State legislature moves to limit ‘modern debtors’ prison’
by Harris Meyer
State Rep. Derek Stanford of Bothell
Washington lawmakers have passed a bill that would make throwing debtors in jail less appealing to collection agencies.
State Rep. Derek Stanford, D-Bothell, had introduced a bill to end what he called “modern debtors’ prison.” On Thursday, the House approved his amended bill, HB 1864, which cleared the Senate earlier this week. The bill, which is supported by the collection industry trade group, now goes to the governor for her signature. Stanford said he doesn’t anticipate any problems there.
The bill would not bar collection agencies from asking judges to issue civil bench warrants for the arrest of debtors who fail to show up for hearings, which Stanford originally sought to do. But it would prohibit collectors from seizing jailed debtors’ bail money to pay off the debt. In addition, it would require more detailed notice to debtors, and would increase the amount of personal assets exempt from garnishment. The asset exemptions for bank accounts and securities would not apply to collection actions by state agencies for six years.
Stanford, who said his bill was inspired by my reports last year for Crosscut and Northwest Public Radio (the latter co-reported with Doug Nadvornick), said his bill would fix loopholes used by collection agencies that are “bad actors” to abuse the system. “It’s a step forward for consumer protection,” he said. “It will make it little less attractive for collectors to go through the process of jailing debtors if they can’t seize the bail.”
The bill, which previously had passed the House unanimously, was opposed by most House Republicans this time around because the Senate version included increased garnishment protections and the exemption for state agencies. The vote was 57-40. Stanford’s office said that exemption for state agencies was necessary because otherwise the bill would have cost the state money, a deal-killer given the state’s budget deficit.
House Republicans argued that it was unfair to the private sector to apply different rules to state agencies, even though the Washington Collectors Association supported the legislation. In the Senate, the vote was 37-12, with Republicans splitting over the measure because of the state agency exemption.
The final version of the bill raises the exempt amount in a debtor’s bank account from $200 to $500, and also increases the exempt value of a debtor’s vehicle, from $2,700 to $3,250.
In October, I reported in Crosscut that even though the constitutions of Washington and most other states explicitly prohibit jailing people for debt, many in Washington and throughout the country are still being incarcerated in civil debt cases. They typically are charged with contempt of court for failure to appear at a hearing to examine their finances and determine what assets can be seized.
In many cases, judges order that their bail money be turned over to the collection agency to satisfy their unpaid debt — a practice the Federal Trade Commission has urged Congress to halt. Sometimes bail is set at the same amount as the judgment debt, which makes the court look like an arm of the collection agency. Using bail money to satisfy judgments allows collectors to sidestep rules that block them from seizing exempt assets such as Social Security payments. And, the FTC said, it gives the public “the misimpression that judgments debtors are being incarcerated for failing to pay the judgment creditor.”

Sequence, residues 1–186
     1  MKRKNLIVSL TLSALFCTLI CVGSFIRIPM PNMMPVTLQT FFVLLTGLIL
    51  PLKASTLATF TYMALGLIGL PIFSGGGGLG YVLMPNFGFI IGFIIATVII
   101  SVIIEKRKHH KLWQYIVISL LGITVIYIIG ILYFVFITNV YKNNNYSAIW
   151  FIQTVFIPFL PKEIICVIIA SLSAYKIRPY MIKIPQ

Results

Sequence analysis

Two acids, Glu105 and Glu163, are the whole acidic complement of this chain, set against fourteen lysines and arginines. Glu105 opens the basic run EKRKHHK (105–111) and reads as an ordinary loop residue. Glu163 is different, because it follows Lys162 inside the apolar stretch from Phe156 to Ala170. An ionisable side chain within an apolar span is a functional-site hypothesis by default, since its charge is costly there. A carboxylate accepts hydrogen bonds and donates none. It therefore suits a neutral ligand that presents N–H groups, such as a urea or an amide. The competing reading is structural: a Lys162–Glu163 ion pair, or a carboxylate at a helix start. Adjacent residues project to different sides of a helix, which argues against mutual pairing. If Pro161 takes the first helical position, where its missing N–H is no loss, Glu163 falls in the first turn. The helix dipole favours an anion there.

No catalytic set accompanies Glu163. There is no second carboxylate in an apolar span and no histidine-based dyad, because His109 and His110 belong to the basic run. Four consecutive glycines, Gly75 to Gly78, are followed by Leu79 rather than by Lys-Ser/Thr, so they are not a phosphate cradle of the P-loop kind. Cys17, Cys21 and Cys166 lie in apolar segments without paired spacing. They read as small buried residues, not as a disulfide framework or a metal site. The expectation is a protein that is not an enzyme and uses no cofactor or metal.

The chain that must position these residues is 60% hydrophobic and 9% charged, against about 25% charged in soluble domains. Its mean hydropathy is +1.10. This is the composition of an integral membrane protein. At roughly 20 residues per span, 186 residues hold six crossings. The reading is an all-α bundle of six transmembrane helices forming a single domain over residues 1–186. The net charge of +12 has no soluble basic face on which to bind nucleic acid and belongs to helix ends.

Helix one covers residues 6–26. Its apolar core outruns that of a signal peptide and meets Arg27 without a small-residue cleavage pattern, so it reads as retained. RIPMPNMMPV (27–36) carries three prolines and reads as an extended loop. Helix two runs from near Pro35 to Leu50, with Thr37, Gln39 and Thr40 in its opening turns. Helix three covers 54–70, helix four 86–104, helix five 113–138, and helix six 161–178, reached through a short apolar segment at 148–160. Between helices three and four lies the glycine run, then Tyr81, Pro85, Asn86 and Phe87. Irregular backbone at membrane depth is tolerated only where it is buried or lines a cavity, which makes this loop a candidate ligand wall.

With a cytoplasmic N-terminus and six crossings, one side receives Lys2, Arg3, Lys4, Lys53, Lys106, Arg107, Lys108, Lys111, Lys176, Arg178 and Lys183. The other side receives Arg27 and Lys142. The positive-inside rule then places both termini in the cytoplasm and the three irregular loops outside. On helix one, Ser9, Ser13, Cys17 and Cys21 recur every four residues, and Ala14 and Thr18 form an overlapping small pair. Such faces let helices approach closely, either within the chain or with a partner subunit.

Stanford’s bill, which borrows from proposals by the FTC and U.S. Sen. Al Franken, D-Minn., would require that courts and collection agencies provide fuller information to debtors in notifying them about court dates — including the name of the original creditor, proof that it’s a valid debt, and the amount of the debt broken down by principal, interest, fees, and other charges.
There are no statistics available on how many people in Washington are jailed for contempt of court in civil debt cases. But observation of the Yakima County District Court’s debt collection calendar hearings showed that bench warrants and arrests are routine. Experts say these practices are common in some other Washington counties as well.
Defenders of the practice say it’s sometimes necessary for judges to issue bench warrants to enforce their orders for debtors to appear — though violators of other types of civil court orders are rarely if ever arrested. Collection agencies argue this is the only way to get the attention of people who have ignored repeated notices to pay up or appear in court.
But attorneys who represent debtors say incarcerating civil debtors, even briefly, is abusive, unfair, and often legally flawed. They say collectors are using the bench warrants as a way of harassing and pressuring people who often owe less than $2,000 and whose debts frequently arise from unpaid medical bills.
Stanford’s bill, which amends the state Consumer Protection Act, would not create a new legal cause of action against collection agencies that violate the provisions. But he said debtors would be able to sue for alleged violations under the existing authority of that act.
Stanford said the original version of the bill, which would have barred collection agencies from seeking bench warrants for the arrest of judgment debtors who don’t show up in court, would have taken away a “legitimate remedy” for collection agencies.
He said he will continue to study the issue to determine whether to seek tougher restrictions against jailing debtors in the future. In particular, he wants to gather data on the prevalence of debtors being jailed in the state. “That can drive where we need to focus our activity in the future,” he said. “It’s definitely an issue that needs to keep getting attention.”